According to a Sept. 5 report by the Government Accountability Office, the average federal agency has done little over the past 20 years to increase its use of performance data to make management decisions, or even to adopt practices to promote its use. In particular, the GAO compared a 2013 survey to the most recent (2017) survey of 24 agencies and found little change.
For the survey, managers were asked to rate, on a scale of 1 to 5, the extent to which they and others at their agency use performance data when making various decisions. Government-wide, the 2017 score was 3.39, which is statistically identical to the 2013 score of 3.41. The 2013 score, in turn, had changed little from the 2007 score.
Agencies that scored higher than average in data-driven management included NASA, the National Science Foundation, the Agency for International Development and the General Services Administration. Significantly lower-scoring agencies included the Department of Homeland Security and the Department of Transportation.
As you might expect, agencies that were subject to data-driven evaluations of their programs were more likely to use data-driven management practices, the survey found.
How will the president’s management agenda and reorganization plan affect things?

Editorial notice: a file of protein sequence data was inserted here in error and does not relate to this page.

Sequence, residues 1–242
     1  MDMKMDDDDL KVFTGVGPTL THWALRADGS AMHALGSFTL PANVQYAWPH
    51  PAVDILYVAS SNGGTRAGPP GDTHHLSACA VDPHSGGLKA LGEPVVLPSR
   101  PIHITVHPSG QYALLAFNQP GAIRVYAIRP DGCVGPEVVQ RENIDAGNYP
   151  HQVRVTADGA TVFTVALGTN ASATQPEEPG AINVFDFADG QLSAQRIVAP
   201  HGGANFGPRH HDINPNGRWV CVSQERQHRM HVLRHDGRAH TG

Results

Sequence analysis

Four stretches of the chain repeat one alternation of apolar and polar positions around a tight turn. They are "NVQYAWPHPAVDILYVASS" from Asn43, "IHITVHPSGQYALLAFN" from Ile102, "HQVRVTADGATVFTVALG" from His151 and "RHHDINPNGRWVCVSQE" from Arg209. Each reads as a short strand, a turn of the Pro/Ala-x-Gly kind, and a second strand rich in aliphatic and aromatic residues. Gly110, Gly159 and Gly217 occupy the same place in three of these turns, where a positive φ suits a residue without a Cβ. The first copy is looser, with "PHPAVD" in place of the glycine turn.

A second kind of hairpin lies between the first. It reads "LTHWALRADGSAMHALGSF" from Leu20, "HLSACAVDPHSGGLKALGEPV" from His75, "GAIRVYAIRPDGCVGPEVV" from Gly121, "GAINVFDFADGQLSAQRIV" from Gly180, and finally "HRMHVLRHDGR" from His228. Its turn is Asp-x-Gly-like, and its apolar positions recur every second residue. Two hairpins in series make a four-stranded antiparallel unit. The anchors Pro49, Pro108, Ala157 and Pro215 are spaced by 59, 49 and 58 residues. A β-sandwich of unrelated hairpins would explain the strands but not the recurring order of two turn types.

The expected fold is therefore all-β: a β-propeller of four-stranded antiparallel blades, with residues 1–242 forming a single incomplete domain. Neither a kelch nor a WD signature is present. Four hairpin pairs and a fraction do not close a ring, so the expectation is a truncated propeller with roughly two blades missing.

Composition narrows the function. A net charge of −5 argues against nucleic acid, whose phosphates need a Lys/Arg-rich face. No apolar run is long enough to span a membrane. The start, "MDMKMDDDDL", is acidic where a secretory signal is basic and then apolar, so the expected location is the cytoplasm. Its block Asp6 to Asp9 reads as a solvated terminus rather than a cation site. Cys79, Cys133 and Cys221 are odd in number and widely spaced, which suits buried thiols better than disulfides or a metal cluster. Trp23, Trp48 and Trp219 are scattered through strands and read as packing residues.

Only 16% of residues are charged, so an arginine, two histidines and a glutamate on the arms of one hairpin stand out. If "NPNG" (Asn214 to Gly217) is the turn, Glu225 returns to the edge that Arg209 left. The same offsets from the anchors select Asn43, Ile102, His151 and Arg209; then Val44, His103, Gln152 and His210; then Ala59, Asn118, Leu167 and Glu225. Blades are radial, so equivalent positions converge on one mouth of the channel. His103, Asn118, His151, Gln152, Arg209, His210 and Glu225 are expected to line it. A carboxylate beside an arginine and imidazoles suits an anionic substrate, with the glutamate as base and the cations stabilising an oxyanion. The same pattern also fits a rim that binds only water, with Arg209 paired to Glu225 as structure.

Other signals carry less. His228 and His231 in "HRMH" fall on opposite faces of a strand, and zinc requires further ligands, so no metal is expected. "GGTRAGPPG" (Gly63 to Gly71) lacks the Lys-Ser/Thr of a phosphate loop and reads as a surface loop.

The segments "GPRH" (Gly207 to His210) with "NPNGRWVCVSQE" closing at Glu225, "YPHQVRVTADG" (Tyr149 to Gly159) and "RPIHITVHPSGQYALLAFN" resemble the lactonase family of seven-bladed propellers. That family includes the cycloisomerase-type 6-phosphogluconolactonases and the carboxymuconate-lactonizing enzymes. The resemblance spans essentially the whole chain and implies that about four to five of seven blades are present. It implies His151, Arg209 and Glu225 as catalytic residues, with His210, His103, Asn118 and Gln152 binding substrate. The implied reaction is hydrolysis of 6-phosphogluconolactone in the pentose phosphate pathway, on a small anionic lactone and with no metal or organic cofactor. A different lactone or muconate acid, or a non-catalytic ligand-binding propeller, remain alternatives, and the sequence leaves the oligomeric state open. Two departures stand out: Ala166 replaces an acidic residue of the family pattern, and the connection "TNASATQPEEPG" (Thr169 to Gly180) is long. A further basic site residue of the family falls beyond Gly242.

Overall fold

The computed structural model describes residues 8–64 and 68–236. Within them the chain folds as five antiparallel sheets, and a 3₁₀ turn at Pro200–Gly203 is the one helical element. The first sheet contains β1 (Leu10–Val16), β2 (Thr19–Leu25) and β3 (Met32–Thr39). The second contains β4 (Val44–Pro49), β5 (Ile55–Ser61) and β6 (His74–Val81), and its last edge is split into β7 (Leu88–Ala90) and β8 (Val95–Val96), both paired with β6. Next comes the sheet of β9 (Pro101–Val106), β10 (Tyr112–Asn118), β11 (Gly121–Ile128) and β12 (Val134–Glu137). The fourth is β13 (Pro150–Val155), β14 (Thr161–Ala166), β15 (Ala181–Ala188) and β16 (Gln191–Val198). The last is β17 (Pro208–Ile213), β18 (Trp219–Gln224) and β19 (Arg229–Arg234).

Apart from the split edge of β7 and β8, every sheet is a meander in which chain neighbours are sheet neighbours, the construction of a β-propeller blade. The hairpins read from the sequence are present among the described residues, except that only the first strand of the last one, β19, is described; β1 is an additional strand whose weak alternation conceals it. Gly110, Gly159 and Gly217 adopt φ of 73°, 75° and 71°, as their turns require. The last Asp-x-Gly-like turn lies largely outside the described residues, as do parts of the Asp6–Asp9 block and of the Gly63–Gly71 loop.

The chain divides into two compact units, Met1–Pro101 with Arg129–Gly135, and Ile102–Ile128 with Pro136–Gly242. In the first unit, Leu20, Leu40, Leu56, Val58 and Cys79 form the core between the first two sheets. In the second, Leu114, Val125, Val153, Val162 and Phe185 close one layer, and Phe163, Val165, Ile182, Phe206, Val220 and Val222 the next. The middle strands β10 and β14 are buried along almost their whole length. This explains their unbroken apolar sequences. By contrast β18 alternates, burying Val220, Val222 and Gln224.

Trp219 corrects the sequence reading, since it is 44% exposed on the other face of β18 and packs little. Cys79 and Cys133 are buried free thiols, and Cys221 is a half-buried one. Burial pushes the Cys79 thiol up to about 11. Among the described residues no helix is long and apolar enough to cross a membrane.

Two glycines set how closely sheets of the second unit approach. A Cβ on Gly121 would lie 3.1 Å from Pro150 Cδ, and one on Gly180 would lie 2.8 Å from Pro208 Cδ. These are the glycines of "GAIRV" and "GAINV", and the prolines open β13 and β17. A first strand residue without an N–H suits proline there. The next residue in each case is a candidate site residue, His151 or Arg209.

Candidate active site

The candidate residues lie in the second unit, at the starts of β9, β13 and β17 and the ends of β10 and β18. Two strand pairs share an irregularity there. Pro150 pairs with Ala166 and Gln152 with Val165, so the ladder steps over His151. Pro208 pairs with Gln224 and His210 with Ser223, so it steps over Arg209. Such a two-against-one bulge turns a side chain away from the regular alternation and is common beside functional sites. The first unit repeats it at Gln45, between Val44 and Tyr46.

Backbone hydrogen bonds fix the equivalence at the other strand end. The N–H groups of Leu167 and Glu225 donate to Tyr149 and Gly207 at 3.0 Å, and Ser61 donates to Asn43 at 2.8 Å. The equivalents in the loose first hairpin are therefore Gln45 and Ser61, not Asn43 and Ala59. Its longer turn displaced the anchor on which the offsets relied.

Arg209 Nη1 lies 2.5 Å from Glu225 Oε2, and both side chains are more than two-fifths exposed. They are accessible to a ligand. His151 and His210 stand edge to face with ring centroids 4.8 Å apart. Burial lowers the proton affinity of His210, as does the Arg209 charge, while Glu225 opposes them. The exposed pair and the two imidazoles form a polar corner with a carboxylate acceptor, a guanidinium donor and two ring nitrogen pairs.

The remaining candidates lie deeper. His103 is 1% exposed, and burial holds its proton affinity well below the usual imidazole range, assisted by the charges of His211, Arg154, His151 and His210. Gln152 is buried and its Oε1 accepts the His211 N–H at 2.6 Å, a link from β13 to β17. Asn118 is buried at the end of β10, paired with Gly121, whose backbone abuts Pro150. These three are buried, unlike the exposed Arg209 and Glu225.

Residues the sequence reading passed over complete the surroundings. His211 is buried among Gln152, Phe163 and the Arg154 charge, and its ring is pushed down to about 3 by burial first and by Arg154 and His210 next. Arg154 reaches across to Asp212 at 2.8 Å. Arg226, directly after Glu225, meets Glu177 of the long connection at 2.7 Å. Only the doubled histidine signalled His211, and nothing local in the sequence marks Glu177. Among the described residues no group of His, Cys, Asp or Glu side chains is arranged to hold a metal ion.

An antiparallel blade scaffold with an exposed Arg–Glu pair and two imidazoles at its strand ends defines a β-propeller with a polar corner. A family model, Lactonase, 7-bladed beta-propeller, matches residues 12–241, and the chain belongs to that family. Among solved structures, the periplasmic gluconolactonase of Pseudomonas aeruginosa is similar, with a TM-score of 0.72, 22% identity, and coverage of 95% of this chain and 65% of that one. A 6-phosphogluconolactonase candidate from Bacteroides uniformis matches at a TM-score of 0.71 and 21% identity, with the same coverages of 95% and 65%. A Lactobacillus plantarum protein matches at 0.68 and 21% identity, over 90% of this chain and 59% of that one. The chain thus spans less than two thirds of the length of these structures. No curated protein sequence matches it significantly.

The GAO report acknowledged that the White House has recently urged greater use of performance data as part of the president’s management agenda and the recent government reorganization plan. The Performance Improvement Council, chaired by OMB, has also set up a working group on data-driven performance management and how to promote it. However, the report noted that OMB, other responsible agencies and the working group have yet to develop full action plans or to identify and share best practices with the agencies they are trying to affect.
The GAO recommended that OMB instruct the leadership of the President’s Management Agenda Cross Agency Priority Goal to provide details on how best to use data more extensively within federal agencies and to ensure updates to any action plan. It also recommended that the director of OMB prioritize the development of best practices for the use of performance data.
When it comes to how your performance is evaluated, what matters is that the evaluation is fair. Federal agencies are increasingly feeling pressure to rely on performance data. That may be for the best, as data-driven decision making could be less subject to individual bias or discriminatory effect. On the other hand, performance data often fails to measure what is truly important. If you receive a negative performance evaluation and suspect it was the result of undue reliance on data, have your situation evaluated by a federal employment law attorney right away.